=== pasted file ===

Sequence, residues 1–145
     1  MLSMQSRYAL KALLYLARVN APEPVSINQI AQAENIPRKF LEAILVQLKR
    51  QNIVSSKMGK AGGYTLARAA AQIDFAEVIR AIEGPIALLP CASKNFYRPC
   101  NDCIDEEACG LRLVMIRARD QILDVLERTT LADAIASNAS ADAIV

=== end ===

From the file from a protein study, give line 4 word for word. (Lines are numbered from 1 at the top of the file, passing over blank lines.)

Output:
   101  NDCIDEEACG LRLVMIRARD QILDVLERTT LADAIASNAS ADAIV